I always say that the hounds make me laugh every day. This is true.
And sometimes they make my heart melt.
And sometimes they test the last depths of my patience. And sometimes they teach me things about life
that I should know but have forgotten.
Or perhaps I have become too skeptical and jaded. Today they reminded me of something pretty
Grab your opportunities where you find them...
With the hounds, we have an established routine. They get breakfast between 7:00-7:30a and
then a potty break. They get a break at
12:30p and a treat. They get dinner between
5:30-6:00p with another potty break.
They get a last potty break and treat before bedtime between 11:00-11:30p. This has been in place pretty much since I
was lucky enough to get a job that allowed me to work from home.
The kids know very well what the schedule is and they have
unerring internal clocks. At 5:31p I
have four eyes boring holes into me reproaching me for being late to fix them
dinner. At 7:01a I have one or two wet
noses jammed into my face and a chorus of whines to pull me into
Since we work at home, if I want a snack or a drink, I get up from my desk, walk down the hall to the kitchen and get something from the pantry or the fridge. Sometimes I head down the hall to use the bathroom. It never fails
that when I get up from my desk to do anything, bathroom, break, grab a book
off the shelf across the room, stretch my legs, anything at all, one or both hounds spring up from their
beds. I inevitably lead a parade down
the hall to whatever destination it is I have gotten up for. This happens every time.
Remember to be super-cute and practice your puppy dog eyes
Blue and Bettina are hoping that I may give in to their
charms and give them an unscheduled treat.
And honestly, sometimes I do.
Much of the time I don’t. But
that doesn’t stop them from jumping up and following me every time my behind
leaves the chair. This morning it occurred
to me as I turned and tripped over Bettina who had been right on my heels in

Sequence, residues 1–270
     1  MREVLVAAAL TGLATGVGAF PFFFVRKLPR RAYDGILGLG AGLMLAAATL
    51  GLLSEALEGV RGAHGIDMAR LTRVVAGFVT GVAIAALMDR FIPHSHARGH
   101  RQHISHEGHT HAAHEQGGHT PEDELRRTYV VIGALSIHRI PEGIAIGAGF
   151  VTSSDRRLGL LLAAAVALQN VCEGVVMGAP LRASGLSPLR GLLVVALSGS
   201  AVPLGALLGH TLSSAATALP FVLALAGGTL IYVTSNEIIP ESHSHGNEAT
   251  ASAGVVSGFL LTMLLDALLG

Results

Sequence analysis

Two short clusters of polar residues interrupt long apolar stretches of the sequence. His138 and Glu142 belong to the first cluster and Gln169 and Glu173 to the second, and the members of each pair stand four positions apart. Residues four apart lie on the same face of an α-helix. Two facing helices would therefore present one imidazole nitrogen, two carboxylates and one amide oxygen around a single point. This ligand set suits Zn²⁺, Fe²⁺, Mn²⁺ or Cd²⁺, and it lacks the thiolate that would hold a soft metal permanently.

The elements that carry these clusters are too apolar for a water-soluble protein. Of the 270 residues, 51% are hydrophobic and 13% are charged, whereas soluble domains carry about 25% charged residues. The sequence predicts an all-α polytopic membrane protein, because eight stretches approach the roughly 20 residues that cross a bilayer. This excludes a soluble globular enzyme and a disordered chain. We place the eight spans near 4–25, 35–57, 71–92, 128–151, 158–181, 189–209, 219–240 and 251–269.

the kitchen, hope springs eternal for my crazy dogs. Disappointment may rain from the skies over
their little heads when I don’t give them an extra treat. But they get up again the next time and
follow me hopefully.
What’s more, sometimes their hope is rewarded with something
special and unexpected. Sometimes I give
them a marrow bone. Or a rawhide to
chew. Sometimes it's just a humdrum treat. It doesn’t really matter what. Sometimes their hope and patience and
optimism pays off. And it happens
enough times to keep that hope alive.
I certainly didn’t expect to be taught a life lesson this
morning while tripping over my dog. But
they definitely seem to have it right.
Rejection isn’t personal, or final.
Keep trying to get what you want because sometimes you do. Even when you don’t get what you want, keep
trying because it might be next time that you do get it. Or maybe the time after that. And always, always try to be in the right
place at the right time. You can’t take
advantage of an opportunity if you are still lying on your bed. Oh yeah, and it doesn’t hurt to be super cute
and make use of puppy dog eyes.
Grammy has agreed to step in as guest blogger again. This particular post has been so very hard to read, very hard to edit and hard for me to release to the world. But, on this third anniversary of Girly Girl's cancer diagnosis, in her memory and honor, I share this with you.
Always Grammy's Girl
It was approaching sunset on a beautiful October
evening. The sky was streaked with red
and the sun was warm. Trees were
changing and wore brilliant dresses of orange and red. This was to be Girly Girl's last night we would see
her until we passed over the bridge ourselves.
The Vet was there with her assistant and everything was held up until
Charlie and I arrived. As sick as GG was
she got up and ran to the gate to greet us.
She had been bleeding from the nose and there was no hope left for recovery. But the steel magnolia had not given up yet.
Someone had to help her over the bridge and her mother, my daughter, was the
only one she could depend on. The fight
had lasted a year, loss of a leg, numerous chemo sessions, numerous radiology
sessions, numerous blood tests, numerous x-rays, but the outcome was apparently
inevitable. We were saying our final
farewell to our beloved GG, the little girl that could.
Veronica sat on the ground in GG’s favorite sunning spot and
had GG lay down in her lap. The Vet gave
her the first shot to relax her and then the killing shot, except it
didn’t. This 58 pound dog’s heart would
not stop. Her mother was murmuring in
her ear to go, to let it all go, that it was ok, that she would see her
again. But her heart beat on. The Vet shook her head and gave her another
shot. Girly Girl relaxed and taking a deep
breath, exhaled as her mother rocked her in her arms.
Charlie offered to pick her up but Veronica, tears streaming
down her face, said ‘No, this is my job, this is my privilege.” She went inside and got warm wet cloths and
bathed her there in the setting sun and then wrapping her in a white sheet
carried her inside to her bed and laid her down. We sat around, amazed that our own hearts
were still beating, there was no way they could survive this but somehow they
As an adult I’ve lost many things, my mother, my father, my
beloved grandmother but never did I feel pain like this. I had been in the presence of the last
perfect heartbeat of a perfect soul.